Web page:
In the face of those challenges, the Government’s commitment to universal access to comprehensive HIV prevention, treatment, care and support remains unwavering. Last June, we renewed our pledge with the publication of a new UK Government strategy, “Achieving Universal Access”, which sets out our vision of how to deliver that. Again, I can assure hon. Members that our commitment is unequivocal. Through working with others, we will intensify prevention efforts that have proven to be effective, such as mother-to-child transmission, and help with family planning, safe abortion and harm reduction. We will also pursue prevention efforts among adolescents and young people.

Over the next seven years, we will work with others to bring down the cost of treatment so that more people have access to life-saving drugs. The goal is that everyone living with HIV ultimately gets the treatment that they need. We will help our partners to build stronger health services, which are key to providing effective services now and in the future, and we will work in all sectors—not just in health—to address comprehensively the needs of those affected. We are committed to supporting countries to “know their epidemics” by investing in research, building the evidence base and helping to focus resources where they are most needed and will make the greatest impact. We will continue to champion sexual and reproductive health and rights, and fight the feminisation of the AIDS pandemic. The fresh approach to family planning and the prevention of unsafe abortion that has been signalled by the current US Administration will allow us to work collaboratively in areas where we have not been able to do so before. We have a moment of opportunity, and it is vital that we seize it.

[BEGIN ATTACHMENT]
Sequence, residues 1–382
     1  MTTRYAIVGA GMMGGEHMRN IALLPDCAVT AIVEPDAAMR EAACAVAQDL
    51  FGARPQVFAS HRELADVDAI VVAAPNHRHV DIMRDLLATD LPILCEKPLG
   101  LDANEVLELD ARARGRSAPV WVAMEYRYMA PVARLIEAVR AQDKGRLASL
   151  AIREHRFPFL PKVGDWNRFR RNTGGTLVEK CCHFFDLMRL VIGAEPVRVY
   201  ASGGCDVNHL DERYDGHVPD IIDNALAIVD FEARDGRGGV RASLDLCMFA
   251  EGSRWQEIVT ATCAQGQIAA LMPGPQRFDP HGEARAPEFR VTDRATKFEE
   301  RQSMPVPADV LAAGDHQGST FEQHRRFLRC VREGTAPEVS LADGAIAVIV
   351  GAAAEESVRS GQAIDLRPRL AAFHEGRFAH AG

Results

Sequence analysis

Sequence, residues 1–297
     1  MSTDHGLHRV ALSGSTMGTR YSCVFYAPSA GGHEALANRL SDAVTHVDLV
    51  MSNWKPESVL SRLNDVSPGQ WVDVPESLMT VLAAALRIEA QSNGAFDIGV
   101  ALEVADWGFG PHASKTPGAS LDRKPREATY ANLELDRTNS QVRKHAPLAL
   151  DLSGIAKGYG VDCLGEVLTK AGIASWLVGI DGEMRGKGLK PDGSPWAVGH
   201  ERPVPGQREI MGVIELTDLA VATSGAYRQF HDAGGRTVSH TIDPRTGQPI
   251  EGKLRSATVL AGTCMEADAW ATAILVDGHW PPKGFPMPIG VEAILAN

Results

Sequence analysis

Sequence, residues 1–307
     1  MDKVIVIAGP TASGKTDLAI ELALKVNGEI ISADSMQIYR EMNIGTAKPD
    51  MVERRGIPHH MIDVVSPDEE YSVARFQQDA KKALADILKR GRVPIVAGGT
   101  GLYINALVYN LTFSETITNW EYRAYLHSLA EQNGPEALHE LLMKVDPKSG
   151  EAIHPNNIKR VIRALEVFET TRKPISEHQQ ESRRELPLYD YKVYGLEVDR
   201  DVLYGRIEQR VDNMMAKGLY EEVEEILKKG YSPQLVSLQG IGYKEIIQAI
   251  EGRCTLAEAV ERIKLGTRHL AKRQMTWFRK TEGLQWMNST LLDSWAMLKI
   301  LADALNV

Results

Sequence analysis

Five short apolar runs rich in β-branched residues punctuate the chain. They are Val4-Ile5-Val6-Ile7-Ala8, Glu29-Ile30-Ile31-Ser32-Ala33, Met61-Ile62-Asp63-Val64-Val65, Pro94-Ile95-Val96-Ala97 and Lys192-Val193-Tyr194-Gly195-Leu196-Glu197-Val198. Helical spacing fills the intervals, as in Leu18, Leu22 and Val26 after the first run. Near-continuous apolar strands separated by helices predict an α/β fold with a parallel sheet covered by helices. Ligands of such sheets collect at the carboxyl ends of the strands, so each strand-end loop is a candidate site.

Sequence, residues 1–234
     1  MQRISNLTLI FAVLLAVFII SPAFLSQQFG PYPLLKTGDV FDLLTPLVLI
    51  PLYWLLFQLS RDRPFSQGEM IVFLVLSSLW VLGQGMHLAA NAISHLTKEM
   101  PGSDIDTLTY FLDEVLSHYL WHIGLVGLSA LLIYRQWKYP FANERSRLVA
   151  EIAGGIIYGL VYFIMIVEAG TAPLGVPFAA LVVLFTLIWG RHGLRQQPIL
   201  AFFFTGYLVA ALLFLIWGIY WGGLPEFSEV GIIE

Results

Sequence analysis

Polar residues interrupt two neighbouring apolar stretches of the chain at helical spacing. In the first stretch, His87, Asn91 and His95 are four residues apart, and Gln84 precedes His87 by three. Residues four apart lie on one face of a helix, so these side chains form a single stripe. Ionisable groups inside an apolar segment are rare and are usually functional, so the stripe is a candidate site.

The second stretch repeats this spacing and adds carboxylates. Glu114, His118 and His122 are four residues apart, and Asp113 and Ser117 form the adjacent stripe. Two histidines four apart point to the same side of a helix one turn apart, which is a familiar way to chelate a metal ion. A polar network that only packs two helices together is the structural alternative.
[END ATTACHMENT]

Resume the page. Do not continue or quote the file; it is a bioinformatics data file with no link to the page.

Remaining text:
Of course, rhetoric and policy must be backed up by money and other commitments. We are proud to be the second largest bilateral funder in the world of HIV prevention, treatment, care and support. We provided £1.5 billion between 2005-06 and 2007-08. More broadly, we will spend £6 billion up to 2015 to improve health outcomes in the developing world. That is in addition to the £1 billion we are giving to the Global Fund to Fight AIDS, Tuberculosis and Malaria, which will provide that organisation with the long-term, predictable funding
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up to 2015 that is so necessary. In addition, we will also spend more than £200 million to support social protection programmes over the next three years, which will provide greater coverage and more predictable funding for households and children affected by AIDS. Our focus will be on working with Governments and civil society in eight African countries.